Source/Platform Mission Objectives:

Meteosat was developed as the European Space Agency's contribution to the Global Atmospheric Research Program (GARP) to provide global data sets used in improving weather forecasting.

Source/Platform Parameters:

Meteosat-1 was launched in 1977 and the launch of the five other satellites in the Meteosat program followed in 1981, 1988, 1991 and 1993. Three Meteosat are currently opeational. The launch of the seventh Meteosat is scheduled for 1996/1997 time frame. Meteosats are 705 pound cylinders that are seven feet in diameter and ten feet high with solar cells on six main body panels. The Meteosats are in stationary orbit approximately 22,000 miles above the Earth. Meteosat-1, Meteosat-2 and Meteosat-3 were positioned near 140 degrees East.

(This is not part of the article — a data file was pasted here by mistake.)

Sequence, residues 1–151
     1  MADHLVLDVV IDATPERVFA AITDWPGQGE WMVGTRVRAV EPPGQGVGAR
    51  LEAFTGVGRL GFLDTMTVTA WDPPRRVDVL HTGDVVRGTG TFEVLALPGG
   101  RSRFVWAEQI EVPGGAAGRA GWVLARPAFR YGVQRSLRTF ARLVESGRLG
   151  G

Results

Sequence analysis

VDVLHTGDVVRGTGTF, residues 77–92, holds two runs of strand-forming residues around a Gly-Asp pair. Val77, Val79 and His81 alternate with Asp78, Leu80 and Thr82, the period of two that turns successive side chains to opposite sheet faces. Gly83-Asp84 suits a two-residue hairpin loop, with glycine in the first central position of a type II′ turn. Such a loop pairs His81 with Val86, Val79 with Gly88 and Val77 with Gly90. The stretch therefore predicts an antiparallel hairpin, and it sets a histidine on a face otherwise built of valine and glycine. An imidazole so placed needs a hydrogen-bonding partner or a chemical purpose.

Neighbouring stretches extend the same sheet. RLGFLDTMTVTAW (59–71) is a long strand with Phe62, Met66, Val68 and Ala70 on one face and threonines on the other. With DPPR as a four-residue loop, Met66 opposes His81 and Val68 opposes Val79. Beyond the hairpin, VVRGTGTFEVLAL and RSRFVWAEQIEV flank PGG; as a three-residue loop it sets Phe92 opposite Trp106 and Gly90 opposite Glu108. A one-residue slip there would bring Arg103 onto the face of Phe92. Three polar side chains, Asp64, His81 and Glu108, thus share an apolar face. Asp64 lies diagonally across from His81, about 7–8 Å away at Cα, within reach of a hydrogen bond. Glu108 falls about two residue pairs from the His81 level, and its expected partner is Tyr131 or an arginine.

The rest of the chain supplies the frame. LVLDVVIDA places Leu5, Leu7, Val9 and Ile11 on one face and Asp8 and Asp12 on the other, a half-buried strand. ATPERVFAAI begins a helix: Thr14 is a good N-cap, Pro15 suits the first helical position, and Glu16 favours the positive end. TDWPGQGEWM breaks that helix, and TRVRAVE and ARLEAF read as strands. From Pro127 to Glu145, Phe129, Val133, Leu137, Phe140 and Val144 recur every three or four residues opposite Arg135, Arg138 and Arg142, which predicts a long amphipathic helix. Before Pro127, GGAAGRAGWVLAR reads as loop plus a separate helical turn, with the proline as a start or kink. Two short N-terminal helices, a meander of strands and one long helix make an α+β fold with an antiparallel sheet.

Coverage Information:

Meteosat produces images of the full Earth disc as viewed from it's geostationary orbit. The satellite coverage extends from approximately 60 degrees West to 60 degrees East. A set of three images, one in each spectral band, is produces every 30 minutes.

Attitude Characteristics:

The following information is take from Rao, et. al, 1990.

The performance characteristics of the attitude and orbit control system are provided below.

	Parameters Value Spin Rate 100 rpm +/- 1%
	Spin Rate Control Possibility of adjustment better than +/- 0.1 rpm Nutation			<  5 arc seconds after damping Longitude station keeping	+/- 1 degree